Chucky's letter to the Editor states that the fact that only "17,000" H-1B numbers have been used this year shows there is little demand for the category. Chucky's letter needs a little help with math and facts. In fact, Immigration has announced that 16,100 H-1Bs of the 65,000 available for fiscal year 2005 already have been accounted for as of the end of May 2004. This means that, from the time companies could petition for H-1Bs starting in FY 2005 (which was April 1, 2004) to the end of May (May 31, 2004), only 2 months, 16,100 H-1B petitions already have been filed. FY 2005 is October 1, 2004 to September 30, 2005. So, for a year that has not even started yet, approximately one quarter of the available numbers have been taken in just two months. This indicates a great demand for these specialized knowledge workers. And since one quarter of the available numbers were used in two months, if H-1B petitions continue at this rate, all the numbers will be used up by November 2004, leaving ten months of the fiscal year when no H-1Bs are available at all. I'm sure this makes Chucky very happy. But the fact that he is distorting what the numbers mean shows he is afraid Congress will remedy this problem if they realize what is really happening. For everyone out there who is seeing the harm the H-1B cap is doing to the economy and business in the US, please get this message out to Congress. We certainly don't want Congress to be fooled by fuzzy math as it appeared in Chucky's letter.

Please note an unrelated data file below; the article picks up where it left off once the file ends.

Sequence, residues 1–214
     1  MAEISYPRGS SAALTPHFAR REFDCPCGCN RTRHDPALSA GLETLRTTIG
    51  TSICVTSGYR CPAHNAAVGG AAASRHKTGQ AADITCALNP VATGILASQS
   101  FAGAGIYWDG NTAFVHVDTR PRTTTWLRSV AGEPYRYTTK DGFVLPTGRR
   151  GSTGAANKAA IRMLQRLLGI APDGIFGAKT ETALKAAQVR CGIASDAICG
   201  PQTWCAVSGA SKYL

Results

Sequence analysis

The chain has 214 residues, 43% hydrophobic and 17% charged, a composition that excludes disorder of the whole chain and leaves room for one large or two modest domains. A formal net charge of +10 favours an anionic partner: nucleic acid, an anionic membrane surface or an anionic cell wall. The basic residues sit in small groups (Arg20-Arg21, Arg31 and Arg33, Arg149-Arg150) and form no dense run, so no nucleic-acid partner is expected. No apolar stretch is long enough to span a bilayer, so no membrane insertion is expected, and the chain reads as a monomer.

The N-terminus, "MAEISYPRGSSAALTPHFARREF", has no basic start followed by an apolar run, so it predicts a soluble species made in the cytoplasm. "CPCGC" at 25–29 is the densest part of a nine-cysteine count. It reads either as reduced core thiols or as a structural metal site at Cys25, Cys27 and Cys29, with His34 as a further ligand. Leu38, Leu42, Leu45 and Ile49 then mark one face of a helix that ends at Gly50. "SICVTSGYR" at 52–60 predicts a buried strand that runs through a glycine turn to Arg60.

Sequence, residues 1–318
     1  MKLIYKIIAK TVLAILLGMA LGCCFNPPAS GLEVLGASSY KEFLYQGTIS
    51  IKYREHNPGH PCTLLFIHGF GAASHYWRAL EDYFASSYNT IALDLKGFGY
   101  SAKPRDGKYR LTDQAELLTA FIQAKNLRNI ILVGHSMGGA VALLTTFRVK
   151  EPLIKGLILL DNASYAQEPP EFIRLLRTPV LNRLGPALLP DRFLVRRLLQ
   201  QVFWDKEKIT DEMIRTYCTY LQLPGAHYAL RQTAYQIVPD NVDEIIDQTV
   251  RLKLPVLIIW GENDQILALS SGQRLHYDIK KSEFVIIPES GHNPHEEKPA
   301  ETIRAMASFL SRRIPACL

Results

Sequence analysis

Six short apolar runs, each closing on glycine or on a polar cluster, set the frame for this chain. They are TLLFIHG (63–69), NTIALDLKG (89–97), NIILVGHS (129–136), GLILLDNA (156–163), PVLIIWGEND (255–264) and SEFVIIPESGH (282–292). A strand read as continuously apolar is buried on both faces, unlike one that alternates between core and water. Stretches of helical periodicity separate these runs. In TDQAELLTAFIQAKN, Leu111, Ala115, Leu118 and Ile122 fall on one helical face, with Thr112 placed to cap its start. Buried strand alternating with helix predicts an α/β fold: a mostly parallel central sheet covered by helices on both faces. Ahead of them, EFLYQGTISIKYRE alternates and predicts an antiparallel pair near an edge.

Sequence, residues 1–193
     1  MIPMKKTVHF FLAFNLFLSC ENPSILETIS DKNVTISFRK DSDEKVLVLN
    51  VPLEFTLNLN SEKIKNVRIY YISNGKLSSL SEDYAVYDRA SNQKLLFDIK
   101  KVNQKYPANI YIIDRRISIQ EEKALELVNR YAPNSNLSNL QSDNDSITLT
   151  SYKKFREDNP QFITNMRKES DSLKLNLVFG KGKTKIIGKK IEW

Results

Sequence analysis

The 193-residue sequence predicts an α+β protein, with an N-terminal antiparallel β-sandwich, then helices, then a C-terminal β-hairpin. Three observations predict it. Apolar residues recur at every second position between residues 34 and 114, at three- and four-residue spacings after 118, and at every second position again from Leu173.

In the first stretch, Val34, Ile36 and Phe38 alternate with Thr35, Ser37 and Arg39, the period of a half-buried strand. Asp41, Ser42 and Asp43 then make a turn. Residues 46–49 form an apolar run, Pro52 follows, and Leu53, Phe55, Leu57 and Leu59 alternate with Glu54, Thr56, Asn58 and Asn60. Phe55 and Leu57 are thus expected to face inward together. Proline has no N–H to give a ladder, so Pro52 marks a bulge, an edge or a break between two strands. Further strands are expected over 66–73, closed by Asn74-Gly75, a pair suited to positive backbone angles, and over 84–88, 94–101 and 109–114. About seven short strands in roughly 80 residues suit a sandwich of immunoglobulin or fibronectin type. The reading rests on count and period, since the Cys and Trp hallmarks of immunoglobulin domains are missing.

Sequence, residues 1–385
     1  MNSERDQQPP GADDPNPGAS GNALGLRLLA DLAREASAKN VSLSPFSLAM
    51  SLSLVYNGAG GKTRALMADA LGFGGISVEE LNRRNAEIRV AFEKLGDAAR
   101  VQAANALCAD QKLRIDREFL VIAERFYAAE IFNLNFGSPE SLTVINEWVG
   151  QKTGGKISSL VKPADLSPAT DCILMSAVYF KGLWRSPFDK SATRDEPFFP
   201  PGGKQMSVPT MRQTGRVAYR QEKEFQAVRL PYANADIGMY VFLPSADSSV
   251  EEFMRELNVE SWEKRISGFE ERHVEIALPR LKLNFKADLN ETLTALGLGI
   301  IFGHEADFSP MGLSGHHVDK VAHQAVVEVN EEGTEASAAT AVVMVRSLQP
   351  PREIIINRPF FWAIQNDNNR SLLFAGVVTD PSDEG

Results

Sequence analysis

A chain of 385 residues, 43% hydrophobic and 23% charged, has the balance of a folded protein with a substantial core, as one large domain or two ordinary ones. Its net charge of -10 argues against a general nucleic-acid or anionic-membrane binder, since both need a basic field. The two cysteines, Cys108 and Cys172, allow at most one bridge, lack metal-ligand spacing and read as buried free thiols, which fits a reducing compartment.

Aimee Clark Todd, Esq.
Atlanta, GA

Dear Editor: